Kerry: US to accept 85,000 refugees in 2016, 100,000 in 2017
BERLIN (AP) — Scrambling to address a growing Syrian refugee crisis, U.S. Secretary of State John Kerry announced Sunday that the United States would significantly increase the number of worldwide migrants it takes in over the next two years, though not by nearly the amount many activists and former officials have urged.
The U.S. will accept 85,000 refugees from around the world next year, up from 70,000, and that total would rise to 100,000 in 2017, Kerry said at news conference with German Foreign Minister Frank-Walter Steinmeier after they discussed the mass migration of Syrians fleeing their civil war.
Many, though not all, of the additional refugees would be Syrian, American officials have said. Others would come from strife-torn areas of Africa. The White House had previously announced it intended to take in 10,000 additional Syrian refugees over the next year.
Asked why the U.S. couldn’t take more, Kerry cited post-Sept. 11 screening requirements and a lack of money made available by Congress.
“We’re doing what we know we can manage immediately,” he said, adding that the U.S. cannot take shortcuts on security checks.
U.S. lawmakers immediately expressed concerns about the potential influx.
Sunday, September 13. A father breaks down after reaching the Hungarian border from Serbia with his …
The Islamic State group and other terrorist organizations “have made it abundantly clear that they will use the refugee crisis to try to enter the United States. Now the Obama administration wants to bring in an additional 10,000 Syrians without a concrete and foolproof plan to ensure that terrorists won’t be able to enter the country,” said U.S. Sen. Chuck Grassley, R-Iowa, and U.S. Rep. Bob Goodlatte, R-Va.
“The administration has essentially given the American people a ‘trust me.’ That isn’t good enough,” according to a statement from the lawmakers, who head the congressional judiciary committees.
Conditions in Syria have been growing increasingly dire as the civil war grinds on. As many as 9 million people have been displaced, including more than 4 million who have fled the country, according to the United Nations.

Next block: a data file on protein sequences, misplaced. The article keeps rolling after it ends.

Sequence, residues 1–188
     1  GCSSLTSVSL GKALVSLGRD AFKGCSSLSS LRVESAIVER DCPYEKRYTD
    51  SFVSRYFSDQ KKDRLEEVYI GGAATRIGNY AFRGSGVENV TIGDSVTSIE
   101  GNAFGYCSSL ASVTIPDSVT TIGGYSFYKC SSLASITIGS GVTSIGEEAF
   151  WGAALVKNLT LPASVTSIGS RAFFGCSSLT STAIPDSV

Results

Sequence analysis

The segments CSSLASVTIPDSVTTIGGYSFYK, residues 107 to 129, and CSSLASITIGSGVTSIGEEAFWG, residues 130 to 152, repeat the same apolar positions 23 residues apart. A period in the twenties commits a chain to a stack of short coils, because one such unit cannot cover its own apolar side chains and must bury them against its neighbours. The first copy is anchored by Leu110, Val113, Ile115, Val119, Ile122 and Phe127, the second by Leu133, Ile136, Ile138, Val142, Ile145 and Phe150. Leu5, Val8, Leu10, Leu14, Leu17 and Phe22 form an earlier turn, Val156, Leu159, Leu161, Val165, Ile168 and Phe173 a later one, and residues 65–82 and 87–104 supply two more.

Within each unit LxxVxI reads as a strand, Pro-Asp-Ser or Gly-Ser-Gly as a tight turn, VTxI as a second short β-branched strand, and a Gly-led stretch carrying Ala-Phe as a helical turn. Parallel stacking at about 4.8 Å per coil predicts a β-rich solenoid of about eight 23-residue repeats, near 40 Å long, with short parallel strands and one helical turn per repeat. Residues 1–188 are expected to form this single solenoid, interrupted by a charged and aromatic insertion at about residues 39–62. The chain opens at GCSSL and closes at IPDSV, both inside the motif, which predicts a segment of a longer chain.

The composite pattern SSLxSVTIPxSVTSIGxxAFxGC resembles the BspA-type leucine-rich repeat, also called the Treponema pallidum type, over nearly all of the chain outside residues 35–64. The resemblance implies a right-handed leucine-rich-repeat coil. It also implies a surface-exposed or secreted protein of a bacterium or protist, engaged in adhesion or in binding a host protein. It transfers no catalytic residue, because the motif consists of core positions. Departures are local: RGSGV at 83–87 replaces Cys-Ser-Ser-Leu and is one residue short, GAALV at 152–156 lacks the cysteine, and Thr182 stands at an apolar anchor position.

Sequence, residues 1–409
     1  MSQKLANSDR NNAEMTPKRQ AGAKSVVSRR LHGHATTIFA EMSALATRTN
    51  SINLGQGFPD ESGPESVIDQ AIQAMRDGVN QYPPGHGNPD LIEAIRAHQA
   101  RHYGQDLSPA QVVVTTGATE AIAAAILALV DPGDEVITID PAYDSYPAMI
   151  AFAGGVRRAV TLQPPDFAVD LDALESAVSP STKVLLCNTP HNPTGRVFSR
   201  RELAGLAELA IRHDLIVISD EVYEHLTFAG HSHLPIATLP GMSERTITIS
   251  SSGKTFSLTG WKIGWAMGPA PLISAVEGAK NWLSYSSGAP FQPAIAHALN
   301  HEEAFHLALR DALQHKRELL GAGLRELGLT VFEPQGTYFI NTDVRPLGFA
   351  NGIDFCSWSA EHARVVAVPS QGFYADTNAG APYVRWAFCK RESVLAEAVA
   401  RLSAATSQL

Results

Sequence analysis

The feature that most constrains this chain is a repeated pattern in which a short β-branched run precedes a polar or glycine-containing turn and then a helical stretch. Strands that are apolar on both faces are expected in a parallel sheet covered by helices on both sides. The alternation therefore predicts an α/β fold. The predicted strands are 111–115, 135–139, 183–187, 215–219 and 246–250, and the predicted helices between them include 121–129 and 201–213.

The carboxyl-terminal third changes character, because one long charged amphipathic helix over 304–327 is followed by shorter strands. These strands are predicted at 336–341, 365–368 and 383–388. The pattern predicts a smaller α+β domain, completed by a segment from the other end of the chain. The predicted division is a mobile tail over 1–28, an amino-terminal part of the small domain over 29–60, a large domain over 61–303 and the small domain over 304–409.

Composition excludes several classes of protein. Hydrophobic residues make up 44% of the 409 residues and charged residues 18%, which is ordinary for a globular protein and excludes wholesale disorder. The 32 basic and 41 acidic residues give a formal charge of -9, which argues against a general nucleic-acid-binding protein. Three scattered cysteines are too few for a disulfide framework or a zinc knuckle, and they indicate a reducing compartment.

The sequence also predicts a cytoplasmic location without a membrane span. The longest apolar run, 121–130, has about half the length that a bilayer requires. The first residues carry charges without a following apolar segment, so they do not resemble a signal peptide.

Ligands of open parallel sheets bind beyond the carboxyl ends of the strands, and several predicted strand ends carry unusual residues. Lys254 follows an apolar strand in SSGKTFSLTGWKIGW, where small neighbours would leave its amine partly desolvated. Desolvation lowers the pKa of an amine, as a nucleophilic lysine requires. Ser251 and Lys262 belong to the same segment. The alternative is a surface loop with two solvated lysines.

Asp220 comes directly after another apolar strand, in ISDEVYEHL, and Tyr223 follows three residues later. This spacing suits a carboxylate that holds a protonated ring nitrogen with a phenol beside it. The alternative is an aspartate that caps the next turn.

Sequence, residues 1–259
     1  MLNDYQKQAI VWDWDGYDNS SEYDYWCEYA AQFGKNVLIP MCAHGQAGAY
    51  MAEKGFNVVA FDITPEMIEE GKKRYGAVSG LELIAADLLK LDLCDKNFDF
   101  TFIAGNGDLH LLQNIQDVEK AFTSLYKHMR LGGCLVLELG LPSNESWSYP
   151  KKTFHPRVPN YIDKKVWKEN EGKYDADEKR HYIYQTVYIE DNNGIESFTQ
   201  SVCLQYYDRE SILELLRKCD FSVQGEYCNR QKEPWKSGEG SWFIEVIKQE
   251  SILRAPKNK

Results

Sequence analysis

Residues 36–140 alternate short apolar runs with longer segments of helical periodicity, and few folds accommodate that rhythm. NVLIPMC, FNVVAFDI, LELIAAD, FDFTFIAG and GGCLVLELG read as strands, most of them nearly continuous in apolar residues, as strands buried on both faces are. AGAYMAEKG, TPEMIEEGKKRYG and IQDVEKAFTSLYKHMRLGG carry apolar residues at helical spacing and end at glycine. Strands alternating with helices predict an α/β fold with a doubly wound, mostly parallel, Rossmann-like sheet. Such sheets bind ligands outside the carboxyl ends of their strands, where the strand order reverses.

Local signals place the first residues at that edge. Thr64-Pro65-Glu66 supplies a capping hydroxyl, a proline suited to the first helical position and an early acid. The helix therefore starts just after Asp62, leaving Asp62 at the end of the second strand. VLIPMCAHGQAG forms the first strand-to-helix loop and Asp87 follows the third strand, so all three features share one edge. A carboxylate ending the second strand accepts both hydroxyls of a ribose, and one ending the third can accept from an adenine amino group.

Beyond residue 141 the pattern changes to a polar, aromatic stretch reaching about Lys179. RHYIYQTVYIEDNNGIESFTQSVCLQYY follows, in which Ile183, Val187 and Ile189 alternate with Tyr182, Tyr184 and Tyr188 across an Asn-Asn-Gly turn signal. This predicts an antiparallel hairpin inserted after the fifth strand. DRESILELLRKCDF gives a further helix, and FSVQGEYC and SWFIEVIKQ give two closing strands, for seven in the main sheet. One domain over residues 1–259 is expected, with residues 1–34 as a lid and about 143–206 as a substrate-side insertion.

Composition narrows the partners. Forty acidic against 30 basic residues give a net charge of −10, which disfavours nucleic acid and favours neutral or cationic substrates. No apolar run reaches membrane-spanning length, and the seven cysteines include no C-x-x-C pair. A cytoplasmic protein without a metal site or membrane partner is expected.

A letter made public last week and signed by several former Obama administration officials urged the U.S. government to accept 100,000 Syrian migrants, and to put in place special rules to speed the resettlement process. Germany says it will accept as many as a million Syrians this year.
“Current (American) efforts are not adequate,” according to the letter, signed by Michelle Flournoy, a former senior U.S. defense official who once was Obama’s choice for Pentagon chief, and Harold Koh, the former State Department legal adviser. “Humanitarian aid has fallen short in the face of unspeakable suffering.”
Syrian migrants to the U.S. would be referred by the U.N. refugee agency, screened by the U.S. Department of Homeland Security and resettled around the country.
“This step is in keeping with America’s best tradition as a land of second chances and a beacon of hope,” Kerry said. Earlier, he and Steinmeier met with a group of refugees around a conference table on the wooded, lakeside resort-style campus of the foreign ministry’s education center outside Berlin.
The Syrians, who Kerry asked reporters not to name for security concerns, said the uptick in migration five years into the civil war was being driven by a collapse of hope that the situation ever will improve.
“I personally came here in search of a future,” said a mother of three daughters who made it to Germany with her five-year-old but left two others
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